I have been remiss. I have the problem of being a poet and small press associate editor who also has to work at a regular day job for a living as well as be a parent, friend, daughter, and someone who occasionally washes a dish or throws a load of laundry into the washing machine.
Suffice it to say that just because I have not yet written about the first annual Midwest Small Press Festival that took place at various locations in Milwaukee from June 1-3 does not mean that I did not have a fantastic time at the event.The book festival mainly took place at Polish Falcons hall, pictured here thanks to the editor at Midwestern Gothic who thought to bring a camera. (No, my phone is not smart enough to take decent pictures.)
I got to hang out with my favorite EIC, Rob Pockat, and peruse a bunch of great publications currently being produced in our region, meet a gaggle of really of friendly, resourceful editors, and also read my own work at a couple different venues during the course of the weekend. All that in addition to meeting someone who might just be a contender with Jim Giese for the world’s best brownies (that would be Theresa KilKenny who catered the event). Sorry Jim, but you have gone to Alaska, and I must continue to eat brownies, somehow.
There are quite a few things that stand out for me, aside from the brownies and the spinach artichoke wraps that Theresa offered. At this rather late hour—12:33 a.m.—I won’t go into massive detail, but here are roughly three things that I got:
- I was impressed by the number of people doing small editions of really beautiful handmade books like DoubleCross and Rabbit Catastrophe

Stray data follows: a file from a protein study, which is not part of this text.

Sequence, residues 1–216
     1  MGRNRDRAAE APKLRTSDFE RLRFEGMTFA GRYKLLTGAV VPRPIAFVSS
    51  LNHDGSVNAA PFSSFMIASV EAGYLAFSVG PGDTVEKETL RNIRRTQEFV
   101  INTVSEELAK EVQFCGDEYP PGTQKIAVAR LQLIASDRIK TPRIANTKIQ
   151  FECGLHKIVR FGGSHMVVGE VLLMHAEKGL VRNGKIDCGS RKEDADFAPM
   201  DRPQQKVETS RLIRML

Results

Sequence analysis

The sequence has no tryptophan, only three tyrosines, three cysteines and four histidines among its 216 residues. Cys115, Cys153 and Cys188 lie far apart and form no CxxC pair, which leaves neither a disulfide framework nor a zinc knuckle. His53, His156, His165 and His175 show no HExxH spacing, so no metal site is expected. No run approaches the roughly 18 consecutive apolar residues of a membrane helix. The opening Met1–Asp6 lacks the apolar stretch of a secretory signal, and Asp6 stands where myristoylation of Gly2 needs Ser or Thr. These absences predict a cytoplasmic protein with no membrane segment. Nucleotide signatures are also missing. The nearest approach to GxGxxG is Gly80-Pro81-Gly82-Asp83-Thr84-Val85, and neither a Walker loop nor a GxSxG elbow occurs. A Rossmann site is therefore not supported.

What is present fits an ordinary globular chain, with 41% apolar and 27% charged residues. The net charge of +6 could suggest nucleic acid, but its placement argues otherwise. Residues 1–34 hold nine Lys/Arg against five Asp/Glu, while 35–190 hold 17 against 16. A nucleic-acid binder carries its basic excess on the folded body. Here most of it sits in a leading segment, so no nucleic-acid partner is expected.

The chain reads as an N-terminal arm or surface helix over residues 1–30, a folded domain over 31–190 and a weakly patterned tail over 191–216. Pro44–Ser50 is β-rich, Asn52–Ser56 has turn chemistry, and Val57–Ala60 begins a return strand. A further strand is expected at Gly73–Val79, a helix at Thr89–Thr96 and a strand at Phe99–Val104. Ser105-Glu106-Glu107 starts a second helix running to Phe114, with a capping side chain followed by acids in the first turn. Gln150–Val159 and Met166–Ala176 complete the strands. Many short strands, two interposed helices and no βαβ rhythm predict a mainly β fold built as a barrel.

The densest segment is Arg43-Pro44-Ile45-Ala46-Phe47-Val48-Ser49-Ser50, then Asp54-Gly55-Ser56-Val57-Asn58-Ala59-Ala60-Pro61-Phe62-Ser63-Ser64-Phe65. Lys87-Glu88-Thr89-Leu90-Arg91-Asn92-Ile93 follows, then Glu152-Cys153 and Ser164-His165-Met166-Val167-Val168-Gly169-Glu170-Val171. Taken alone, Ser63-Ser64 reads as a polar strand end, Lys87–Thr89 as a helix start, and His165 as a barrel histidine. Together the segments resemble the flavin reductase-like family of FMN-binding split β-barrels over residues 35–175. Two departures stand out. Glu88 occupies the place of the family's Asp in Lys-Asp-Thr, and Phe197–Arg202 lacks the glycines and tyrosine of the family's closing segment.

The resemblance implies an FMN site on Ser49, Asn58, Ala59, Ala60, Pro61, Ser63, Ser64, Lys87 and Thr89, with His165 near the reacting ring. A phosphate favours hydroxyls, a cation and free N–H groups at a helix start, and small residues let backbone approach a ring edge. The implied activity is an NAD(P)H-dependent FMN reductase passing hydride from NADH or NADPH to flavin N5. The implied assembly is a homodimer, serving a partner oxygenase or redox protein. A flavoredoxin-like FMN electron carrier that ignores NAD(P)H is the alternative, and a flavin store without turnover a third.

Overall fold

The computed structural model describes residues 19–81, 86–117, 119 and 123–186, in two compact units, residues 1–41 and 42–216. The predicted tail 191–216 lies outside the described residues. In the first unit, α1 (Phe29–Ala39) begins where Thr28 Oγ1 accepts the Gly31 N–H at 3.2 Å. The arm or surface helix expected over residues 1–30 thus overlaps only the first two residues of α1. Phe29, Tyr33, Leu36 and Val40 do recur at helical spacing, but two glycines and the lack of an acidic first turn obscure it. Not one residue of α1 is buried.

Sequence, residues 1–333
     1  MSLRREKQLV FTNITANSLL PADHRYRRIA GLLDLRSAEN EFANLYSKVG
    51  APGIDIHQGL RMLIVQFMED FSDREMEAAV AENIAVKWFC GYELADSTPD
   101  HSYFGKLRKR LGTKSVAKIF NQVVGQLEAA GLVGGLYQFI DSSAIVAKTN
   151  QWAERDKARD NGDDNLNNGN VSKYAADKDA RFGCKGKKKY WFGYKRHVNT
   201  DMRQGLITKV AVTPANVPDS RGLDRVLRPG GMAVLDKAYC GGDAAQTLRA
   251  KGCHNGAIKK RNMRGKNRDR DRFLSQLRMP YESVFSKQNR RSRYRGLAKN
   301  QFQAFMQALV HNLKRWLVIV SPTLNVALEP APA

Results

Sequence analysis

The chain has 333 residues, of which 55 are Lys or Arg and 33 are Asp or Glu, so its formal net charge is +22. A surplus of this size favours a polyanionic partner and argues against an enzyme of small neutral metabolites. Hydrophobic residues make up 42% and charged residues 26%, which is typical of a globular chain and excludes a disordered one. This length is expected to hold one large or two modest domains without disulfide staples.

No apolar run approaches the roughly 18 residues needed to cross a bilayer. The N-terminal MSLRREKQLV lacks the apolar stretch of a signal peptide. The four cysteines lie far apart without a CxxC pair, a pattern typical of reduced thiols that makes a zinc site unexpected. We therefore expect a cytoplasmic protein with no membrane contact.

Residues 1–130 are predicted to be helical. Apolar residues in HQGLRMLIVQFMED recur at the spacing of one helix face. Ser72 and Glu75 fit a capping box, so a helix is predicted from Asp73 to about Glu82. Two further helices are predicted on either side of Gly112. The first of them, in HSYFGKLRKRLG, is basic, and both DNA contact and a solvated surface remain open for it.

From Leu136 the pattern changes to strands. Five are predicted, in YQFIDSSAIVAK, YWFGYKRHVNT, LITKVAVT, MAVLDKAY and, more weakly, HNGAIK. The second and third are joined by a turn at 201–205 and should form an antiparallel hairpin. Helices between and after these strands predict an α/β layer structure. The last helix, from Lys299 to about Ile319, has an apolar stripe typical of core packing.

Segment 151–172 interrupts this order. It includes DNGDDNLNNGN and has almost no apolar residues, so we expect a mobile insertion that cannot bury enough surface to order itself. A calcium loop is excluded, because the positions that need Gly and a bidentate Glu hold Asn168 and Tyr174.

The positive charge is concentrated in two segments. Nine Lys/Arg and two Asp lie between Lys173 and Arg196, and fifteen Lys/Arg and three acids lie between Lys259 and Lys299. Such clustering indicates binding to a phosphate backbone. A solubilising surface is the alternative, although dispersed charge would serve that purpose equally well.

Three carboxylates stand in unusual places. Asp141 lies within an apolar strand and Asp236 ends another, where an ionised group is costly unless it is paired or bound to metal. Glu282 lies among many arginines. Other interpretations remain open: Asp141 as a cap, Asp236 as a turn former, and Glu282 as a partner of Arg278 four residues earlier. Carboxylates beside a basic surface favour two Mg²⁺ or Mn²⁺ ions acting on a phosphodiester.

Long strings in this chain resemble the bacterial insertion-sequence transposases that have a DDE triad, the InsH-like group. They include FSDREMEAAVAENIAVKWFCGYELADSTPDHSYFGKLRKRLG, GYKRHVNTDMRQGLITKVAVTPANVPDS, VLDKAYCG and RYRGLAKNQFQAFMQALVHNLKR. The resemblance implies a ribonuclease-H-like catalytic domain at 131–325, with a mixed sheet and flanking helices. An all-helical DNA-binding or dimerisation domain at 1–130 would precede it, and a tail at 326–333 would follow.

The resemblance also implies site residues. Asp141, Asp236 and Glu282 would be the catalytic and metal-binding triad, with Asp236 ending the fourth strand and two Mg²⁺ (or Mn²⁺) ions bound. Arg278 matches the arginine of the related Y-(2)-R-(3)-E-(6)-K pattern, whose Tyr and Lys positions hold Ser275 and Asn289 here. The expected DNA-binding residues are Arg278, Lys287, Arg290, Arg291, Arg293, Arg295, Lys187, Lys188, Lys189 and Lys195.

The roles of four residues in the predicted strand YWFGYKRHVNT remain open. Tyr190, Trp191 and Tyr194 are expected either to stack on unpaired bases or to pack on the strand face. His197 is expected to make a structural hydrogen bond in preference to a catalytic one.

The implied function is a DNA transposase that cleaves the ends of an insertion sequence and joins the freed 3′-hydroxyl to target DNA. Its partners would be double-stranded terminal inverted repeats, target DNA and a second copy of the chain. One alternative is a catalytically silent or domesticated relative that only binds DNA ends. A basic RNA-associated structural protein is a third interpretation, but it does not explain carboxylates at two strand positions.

- Rob and I were thrilled to learn about CreateSpace and talk to several publishers who are using it with great success, including Cowfeather Press and Midwestern Gothic. This may be useful to us here at Stoneboat as we look into expanding our own fledgling imprint, Pebblebrook Press.
- I was intrigued by Poetry for the Masses, Rescue Press, Strange Cage, Curbside Splendor, Sunnyoutside, Xexoxial Editions, Red Fez and I visited my first online poetry bar, The Camel Saloon. That was really cool.
Two summers ago, we were sitting in Rob’s back yard around the fire pit downing some beers, coming up with names for our journal like “Angry Dog” and “Mergatroid’s Dream.” Who would have imagined that in a short time, we’d have four issues of Stoneboat under our belts and the wherewithal (some chutzpah and a mere $15 for a half table to display our wares) to include ourselves in this very creative and innovative community? You can do a lot when you simply go forth and take a chance. It helps to have three smart, inventive, and diligent friends on the case. And brownies. It is always good to have brownies.